THE situation in Kashmir is going beyond control. Today’s situation is far different from the insurgency of the 1990s. Even though remnants can be found, the insurgency is more or less under control. Pakistan continues to train and support terrorists to create trouble in the state, but even that is not of major concern. Yet Kashmir today faces the greatest crisis. The main cause of the crisis is the involvement of school and college students of the state in a stone pelting movement. The stone pelting is symbolic of their anger against the central government and the state government. Now even schoolgirls are participating in stone pelting. The pictures and videos of the schoolgirls pelting stones at the government forces are there on the social media. They have already drawn the world’s attention.
The sooner Prime Minister Narendra Modi realizes that India is in a real grim situation in Kashmir as a result of students’ involvement, the better for Kashmir and the country. The ministers of the government have done much damage by painting the faces of the stone pelting students black by presenting them as ‘paid’ trouble makers. There may be some elements that might have been paid by the “enemies of India” but the larger mass of students participating in the stone pelting movement are driven by disappointment with and anger against the failures of the state government. The people of Kashmir were hoping that the situation would improve with the formation of a new elected government under Mehbooba Mufti. However, the state government failed in most respects: development has been slow and corruption rampant. Self-employed Kashmiris in various trades have been denied improvement in their businesses and conditions. Unemployment remains high.
It has been the misfortune of the Kashmiris that because of the voices of separatism and guns of insurgency speaking louder than the masses ever did anything Kashmiris do is seen through the prism of terrorism and treason. They are never seen like just another ethnic community in the cultural mosaic of India whose members are driven by the same hopes, aspirations, urges and expectations as the members of the communities in UP, Punjab, Maharashtra or Chhatisgarh can be. The Kashmiris too expect the party or combination of parties they elect to power to improve life conditions for them. They expect the government to work on infrastructure, services, job creation, welfare and education.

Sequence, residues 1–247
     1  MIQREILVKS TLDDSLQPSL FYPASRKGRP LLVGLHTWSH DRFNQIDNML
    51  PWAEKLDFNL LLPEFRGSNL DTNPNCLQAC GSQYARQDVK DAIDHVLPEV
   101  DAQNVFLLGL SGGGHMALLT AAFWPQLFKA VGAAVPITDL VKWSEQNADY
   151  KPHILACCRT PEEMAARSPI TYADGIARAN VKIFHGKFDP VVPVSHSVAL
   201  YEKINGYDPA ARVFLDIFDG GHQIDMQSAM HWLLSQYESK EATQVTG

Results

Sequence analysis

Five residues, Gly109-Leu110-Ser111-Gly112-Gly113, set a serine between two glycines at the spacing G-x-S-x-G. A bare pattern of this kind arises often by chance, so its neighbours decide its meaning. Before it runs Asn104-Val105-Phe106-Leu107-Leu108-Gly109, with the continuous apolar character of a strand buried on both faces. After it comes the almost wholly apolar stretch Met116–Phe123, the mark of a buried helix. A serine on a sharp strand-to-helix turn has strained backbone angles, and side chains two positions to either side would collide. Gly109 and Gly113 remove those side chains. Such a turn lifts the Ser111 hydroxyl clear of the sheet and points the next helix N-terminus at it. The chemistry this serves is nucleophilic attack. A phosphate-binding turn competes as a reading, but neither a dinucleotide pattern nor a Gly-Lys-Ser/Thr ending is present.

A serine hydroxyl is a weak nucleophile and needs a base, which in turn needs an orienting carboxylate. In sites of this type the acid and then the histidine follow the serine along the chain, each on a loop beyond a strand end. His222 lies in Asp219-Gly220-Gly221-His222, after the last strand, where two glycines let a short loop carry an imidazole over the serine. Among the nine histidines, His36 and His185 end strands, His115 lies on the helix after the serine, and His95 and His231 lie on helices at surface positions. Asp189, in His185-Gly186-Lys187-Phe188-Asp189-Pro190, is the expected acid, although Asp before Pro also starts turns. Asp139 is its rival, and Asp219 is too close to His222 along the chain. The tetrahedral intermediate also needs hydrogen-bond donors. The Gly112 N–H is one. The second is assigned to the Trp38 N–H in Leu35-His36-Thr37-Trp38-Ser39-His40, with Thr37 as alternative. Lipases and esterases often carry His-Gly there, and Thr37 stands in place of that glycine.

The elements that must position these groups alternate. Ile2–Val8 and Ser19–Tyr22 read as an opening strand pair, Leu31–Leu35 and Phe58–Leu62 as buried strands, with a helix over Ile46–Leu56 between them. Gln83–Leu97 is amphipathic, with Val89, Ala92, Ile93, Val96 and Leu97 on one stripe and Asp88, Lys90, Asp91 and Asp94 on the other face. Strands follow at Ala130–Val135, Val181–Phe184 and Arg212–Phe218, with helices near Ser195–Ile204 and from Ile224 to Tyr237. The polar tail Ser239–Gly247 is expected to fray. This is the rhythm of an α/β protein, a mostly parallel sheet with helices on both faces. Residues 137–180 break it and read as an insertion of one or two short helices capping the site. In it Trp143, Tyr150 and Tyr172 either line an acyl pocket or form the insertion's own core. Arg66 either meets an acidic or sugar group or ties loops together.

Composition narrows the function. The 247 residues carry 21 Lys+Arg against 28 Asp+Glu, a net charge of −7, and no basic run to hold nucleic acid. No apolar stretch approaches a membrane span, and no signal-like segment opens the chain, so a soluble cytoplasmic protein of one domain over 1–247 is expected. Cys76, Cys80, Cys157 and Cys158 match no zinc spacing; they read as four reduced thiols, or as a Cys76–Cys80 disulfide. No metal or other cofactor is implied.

At the root of the current trouble is the gross disappointment of the Kashmiris with the Mehbooba-led PDP-BJP coalition government. It has not delivered goods. The Kashmiris, who were expecting that under the Mehbooba Mufti regime they would be facing lesser state repression and more respect for human rights, have found in case after case that the behaviour of the state forces remains unchanged. Feelings have taken root that it was pointless expecting anything good or decent from the Mehbooba regime. Hence the students are out in the street pelting stones. Every stone they pelt is a denunciation of the Mehbooba regime.
However, the guilt lies with the central government. It has adopted a negative attitude toward the students. It has branded them all as “helpers” of insurgents. Such branding has closed the doors for a dialogue with them. After all, they are students. In several states on several occasions in the past students have risen in protest against the government of the day. They rose in Gujarat, Bihar and Assam. Everywhere, the state government invited them for a dialogue. The state government did not see or brand the angry students as traitors or helpers of terrorists and traitors. In those states – Gujarat, Bihar and Assam – the student movements shaped the politics. Most of the leaders of the student movements joined active state politics and became political leaders in their own right. It is time the Modi government and the Mehbooba government started a dialogue with the agitating students and the older youth and other sections of society supporting their causes. Once the governments know what is troubling their hearts and minds they can take steps to alleviate it. Islamic radicalism and Pakistan’s ISI find room in Kashmir only because the central government and state government have failed to resolve the major issues directly and indirectly affecting the lives of Kashmiris adversely. The need is to sit with the students and find out what needs to be done to tackle their grievances. Both the governments and the students know that the dialogue has to take place within the limits of the constitution of India. The problems relating to their lives can be taken up urgently and solved with sincerity. Peace will return to Kashmir and Islamic radicalism and Pakistan would find no room there.